This obelisk is a joint project of the Japanese and Philippine governments, promising this will never happen again.
The area also serves as the memorial for the Filipino fallen, and lists the name of every soldier who was lost. Here Carol and I are reflected in it. Click to read the inscription.
Then we went to Cabanatuan, the concentration camp where my uncle and so many more died. That was moving because we could see the exact spot where the "Zero Ward" of the hospital stood, so we knew he died right there. Here is a little bit of that garden part of the memorial, where the hospital was.
Also, at Cabanatuan, right in the middle of the Araw Ng Kagitingan celebrations, they had decided to tear down the Walls of the Dead for refurbishment. Steve or someone called ahead and got them to leave my uncle's up for us. I mean, I'm glad they want to refurbish and properly maintain these memorials, but right in the middle of the national observance? Really?
Click to see better. It's misspelled, as usual, but we have been reassured it will be corrected when the new panels are installed, and they will send us pictures.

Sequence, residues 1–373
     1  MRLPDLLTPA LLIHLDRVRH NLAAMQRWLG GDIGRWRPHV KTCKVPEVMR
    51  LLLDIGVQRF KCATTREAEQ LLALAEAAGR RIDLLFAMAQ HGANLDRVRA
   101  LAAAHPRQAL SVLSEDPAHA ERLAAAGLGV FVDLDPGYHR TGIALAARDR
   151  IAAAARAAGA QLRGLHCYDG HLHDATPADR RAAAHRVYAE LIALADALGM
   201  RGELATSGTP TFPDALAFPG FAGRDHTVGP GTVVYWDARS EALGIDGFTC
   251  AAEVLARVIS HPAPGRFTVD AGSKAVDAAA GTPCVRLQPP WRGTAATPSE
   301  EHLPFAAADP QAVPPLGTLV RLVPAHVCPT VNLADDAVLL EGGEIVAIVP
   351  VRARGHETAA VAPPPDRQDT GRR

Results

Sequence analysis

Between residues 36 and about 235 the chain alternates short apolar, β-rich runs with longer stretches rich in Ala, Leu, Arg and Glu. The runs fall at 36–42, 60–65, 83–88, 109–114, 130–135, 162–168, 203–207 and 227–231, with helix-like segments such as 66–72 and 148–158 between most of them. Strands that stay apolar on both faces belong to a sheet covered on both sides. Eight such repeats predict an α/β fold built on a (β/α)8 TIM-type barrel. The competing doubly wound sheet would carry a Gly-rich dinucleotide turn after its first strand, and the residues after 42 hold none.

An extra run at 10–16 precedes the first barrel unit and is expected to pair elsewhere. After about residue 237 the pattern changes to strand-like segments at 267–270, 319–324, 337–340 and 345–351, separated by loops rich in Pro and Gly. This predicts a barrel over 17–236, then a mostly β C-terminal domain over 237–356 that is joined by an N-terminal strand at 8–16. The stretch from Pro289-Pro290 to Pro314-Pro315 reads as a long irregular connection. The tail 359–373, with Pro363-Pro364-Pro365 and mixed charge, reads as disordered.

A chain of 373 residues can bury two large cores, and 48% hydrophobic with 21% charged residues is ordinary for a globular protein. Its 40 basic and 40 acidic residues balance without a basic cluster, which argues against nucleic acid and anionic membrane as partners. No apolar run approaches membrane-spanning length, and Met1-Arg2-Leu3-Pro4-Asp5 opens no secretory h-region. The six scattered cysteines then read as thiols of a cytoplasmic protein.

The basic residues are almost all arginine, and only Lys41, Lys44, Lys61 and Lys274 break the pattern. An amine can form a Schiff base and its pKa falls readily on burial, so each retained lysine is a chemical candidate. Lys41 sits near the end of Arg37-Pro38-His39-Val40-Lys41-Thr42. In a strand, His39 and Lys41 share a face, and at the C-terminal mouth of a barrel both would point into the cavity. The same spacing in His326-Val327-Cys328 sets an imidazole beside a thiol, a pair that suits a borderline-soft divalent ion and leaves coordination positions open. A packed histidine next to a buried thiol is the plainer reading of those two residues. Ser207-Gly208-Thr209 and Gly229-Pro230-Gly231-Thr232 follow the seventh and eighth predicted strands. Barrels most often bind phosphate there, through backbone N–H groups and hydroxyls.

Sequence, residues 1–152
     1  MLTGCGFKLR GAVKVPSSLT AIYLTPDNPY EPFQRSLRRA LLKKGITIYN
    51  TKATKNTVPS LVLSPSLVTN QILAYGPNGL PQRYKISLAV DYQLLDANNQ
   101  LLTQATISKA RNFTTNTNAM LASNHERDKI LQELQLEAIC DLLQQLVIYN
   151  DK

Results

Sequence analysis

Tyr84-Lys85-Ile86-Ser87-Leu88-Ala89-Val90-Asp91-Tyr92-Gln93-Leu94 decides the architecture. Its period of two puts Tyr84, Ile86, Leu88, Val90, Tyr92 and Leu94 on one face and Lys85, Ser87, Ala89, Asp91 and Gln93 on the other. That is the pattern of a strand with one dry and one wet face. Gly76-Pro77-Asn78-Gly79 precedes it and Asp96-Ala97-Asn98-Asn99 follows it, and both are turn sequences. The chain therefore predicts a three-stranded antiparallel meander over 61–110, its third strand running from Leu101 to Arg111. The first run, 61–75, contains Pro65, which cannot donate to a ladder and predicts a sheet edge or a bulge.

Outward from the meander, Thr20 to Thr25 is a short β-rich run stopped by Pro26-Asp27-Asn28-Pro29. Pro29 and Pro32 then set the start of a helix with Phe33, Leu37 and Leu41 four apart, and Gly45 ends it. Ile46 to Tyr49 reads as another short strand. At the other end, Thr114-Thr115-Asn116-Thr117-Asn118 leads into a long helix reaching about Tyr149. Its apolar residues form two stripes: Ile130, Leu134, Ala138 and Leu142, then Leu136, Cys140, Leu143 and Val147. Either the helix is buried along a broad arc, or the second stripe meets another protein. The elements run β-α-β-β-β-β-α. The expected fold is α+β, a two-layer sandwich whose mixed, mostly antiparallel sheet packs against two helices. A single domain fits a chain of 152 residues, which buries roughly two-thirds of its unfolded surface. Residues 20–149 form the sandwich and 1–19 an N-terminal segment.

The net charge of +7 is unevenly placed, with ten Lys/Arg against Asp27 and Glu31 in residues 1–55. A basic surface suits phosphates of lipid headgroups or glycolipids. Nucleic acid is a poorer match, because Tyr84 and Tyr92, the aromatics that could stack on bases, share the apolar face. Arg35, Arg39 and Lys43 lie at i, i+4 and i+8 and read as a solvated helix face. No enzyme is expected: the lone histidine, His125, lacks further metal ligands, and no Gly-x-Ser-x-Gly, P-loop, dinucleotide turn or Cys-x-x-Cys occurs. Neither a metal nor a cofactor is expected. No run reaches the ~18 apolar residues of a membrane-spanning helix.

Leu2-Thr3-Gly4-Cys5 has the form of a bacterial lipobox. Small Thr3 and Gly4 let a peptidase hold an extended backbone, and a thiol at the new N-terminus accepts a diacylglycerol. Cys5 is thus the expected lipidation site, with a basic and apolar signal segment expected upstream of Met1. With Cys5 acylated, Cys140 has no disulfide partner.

This is the slab they use as an altar for big events. Behind it is the area where the Walls of the Dead were taken down.
After Cabanatuan, we ate in a mall, did a little shopping there, and drove back to Manila. It was a very long ride and I spent as much of it as possible sleeping. The next day was Sunday and the trip to the cemetary, both emotionally and physically demanding, as we were all headed either home or to Hong Kong, so I wanted to rest as much as possible. Also, I had to repack for flights. Everyone did, and so it was an early night.
Before I forget, here's our trusty bus, an oasis of cold air in the hottest place I've ever been in my life. There's a little banner on the front explaining why we're there.